Borders and Barriers

"He made her into a crashlander who was seeing reality for the first time, and she was happy to plummet."
When someone hears the name Emelia Archer they think of the Instagram famous trendsetter, the daughter of Archer Enterprises, and the one who crashed herself into a scandal.
When someone hears the name Jackson Andrews they go...huh? Then they think of the art-loving boy, the one who stayed in the shadows for the fun of it.
Push those two opposites together and you've got a story, maybe not a love story, but a story nonetheless.


3. Messes are children.


Chapter Three


Messes are children.

Made out of fingerprints

And curiosity.

Dealt with backward glances

And bitten fingernails.

Ignored profusely

Until someone gets berated.

Or until they become messes




She hadn’t slept since she had first arrived at the cabin. She hadn’t allowed herself to, nor did she particularly want to. When Jackson had stormed off after she had hurled a final insult, of which it was at least she could get someone to even touch her, she had picked up the thrown magazines. Her face was reflected on every single one of them. At least one cover showed a good picture of her, a gig she had for West London Photography last year, but the other three showed either a wrecked limousine or a wrecked Emelia. Her brain sobered at the sight of delirious eyes lined in streaks and smears of eyeshadow and eyeliner.

Was that what she looked like on that night?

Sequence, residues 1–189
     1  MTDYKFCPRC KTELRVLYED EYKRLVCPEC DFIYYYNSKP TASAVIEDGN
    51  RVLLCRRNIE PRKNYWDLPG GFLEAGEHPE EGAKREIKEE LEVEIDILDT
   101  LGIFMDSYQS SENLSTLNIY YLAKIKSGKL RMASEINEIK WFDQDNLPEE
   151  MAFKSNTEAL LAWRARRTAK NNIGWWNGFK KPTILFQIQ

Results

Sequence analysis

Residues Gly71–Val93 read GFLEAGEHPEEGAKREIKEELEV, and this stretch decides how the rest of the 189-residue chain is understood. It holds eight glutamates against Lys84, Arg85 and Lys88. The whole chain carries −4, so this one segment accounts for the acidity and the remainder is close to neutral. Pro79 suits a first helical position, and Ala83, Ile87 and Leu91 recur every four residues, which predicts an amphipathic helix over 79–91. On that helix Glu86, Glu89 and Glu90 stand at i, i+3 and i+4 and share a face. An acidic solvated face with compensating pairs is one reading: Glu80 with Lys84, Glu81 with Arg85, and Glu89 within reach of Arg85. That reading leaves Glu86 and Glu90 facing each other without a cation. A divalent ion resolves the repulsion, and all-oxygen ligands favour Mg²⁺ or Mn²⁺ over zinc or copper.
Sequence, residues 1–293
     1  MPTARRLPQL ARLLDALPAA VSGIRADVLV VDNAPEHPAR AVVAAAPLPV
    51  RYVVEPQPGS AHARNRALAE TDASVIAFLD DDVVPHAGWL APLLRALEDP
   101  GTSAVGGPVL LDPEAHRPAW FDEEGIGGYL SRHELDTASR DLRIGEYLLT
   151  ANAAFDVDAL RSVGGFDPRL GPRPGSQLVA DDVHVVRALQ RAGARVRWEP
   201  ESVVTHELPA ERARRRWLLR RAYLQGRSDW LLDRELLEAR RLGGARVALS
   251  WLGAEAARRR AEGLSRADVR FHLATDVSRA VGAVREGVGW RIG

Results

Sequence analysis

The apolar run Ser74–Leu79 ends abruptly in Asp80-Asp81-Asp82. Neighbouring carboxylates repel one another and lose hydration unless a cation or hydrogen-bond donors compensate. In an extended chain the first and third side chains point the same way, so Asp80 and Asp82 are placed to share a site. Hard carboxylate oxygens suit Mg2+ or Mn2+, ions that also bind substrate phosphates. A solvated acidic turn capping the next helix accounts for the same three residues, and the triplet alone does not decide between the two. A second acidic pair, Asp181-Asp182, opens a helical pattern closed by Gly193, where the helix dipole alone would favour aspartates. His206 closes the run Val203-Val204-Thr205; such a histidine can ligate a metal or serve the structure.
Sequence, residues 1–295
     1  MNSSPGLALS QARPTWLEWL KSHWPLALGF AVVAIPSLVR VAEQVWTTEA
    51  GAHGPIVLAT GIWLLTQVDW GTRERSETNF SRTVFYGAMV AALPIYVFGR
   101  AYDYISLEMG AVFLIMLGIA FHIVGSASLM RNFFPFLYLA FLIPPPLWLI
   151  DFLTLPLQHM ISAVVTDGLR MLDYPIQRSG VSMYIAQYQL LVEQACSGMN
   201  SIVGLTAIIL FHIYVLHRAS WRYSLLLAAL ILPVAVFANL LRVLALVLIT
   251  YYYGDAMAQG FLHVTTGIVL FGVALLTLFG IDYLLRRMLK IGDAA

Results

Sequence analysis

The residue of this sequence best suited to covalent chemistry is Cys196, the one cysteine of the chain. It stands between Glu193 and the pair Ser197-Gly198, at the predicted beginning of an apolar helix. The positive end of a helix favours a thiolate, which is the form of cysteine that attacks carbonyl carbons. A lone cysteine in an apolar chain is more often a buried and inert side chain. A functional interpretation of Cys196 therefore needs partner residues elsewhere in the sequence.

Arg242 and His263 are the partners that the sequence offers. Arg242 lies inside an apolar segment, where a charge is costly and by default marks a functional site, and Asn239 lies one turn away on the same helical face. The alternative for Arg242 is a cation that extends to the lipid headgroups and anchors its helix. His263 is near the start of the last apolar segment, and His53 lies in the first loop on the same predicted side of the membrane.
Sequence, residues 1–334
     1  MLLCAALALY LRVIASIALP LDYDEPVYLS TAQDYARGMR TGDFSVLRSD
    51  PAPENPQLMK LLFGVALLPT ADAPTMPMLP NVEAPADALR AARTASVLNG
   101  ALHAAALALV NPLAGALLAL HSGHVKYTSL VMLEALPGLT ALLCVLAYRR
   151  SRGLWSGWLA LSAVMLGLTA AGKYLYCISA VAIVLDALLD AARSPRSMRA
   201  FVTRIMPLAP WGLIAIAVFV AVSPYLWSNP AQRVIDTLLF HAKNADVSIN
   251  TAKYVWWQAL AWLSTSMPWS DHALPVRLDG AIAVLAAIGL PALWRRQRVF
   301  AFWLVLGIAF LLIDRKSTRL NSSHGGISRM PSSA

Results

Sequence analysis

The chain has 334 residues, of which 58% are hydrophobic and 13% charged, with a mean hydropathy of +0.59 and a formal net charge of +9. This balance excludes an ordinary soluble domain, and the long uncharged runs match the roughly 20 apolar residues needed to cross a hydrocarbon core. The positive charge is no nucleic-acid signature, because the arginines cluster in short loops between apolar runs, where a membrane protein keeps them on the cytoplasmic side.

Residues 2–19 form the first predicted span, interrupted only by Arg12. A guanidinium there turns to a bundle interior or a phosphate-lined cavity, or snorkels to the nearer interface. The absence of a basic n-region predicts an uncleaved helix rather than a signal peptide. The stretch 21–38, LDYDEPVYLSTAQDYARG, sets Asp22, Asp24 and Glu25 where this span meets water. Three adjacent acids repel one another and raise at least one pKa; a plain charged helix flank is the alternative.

She looked like a hot mess, and not even a purposefully put together one.

She sighed and manoeuvred herself onto the sofa, flicking through the glossy pages. The bright headlines pierced her brain as they hurled insults at her, much like what she and Jackson had just done to each other.

Being drunk and staying out late had done this to her. Made her into a tornado of ugly messes. When had the parties went from nights to remember to spotty and then blacked-out mornings? She chucked the magazines away from her, the pages nearly scolding her fingers with the harsh words printed on their pages.

She stayed on the sofa watching as the darkness lightened into inky, murky morning. Finally, when dawn arrived she took out her phone and watched as the fake shutter sound captured the pastel clouds showing through the windows. The one thing that the cabin was good for was that the main room had glass French doors which allowed for great scenery when the curtains were pulled back.

Opening the Instagram app she ignored the hundreds of notifications, she didn’t need to check them to know that they were either messages about the incident or her absence on social media. Since the public statement, she had been MIA and it was only now that she noticed that her feed was entirely made up of party scene aesthetic or selfies.

Every square photograph was filtered with at least a dozen hashtags and a witty comment. But this day demanded change. She had to be more than drunken messes and mistakes.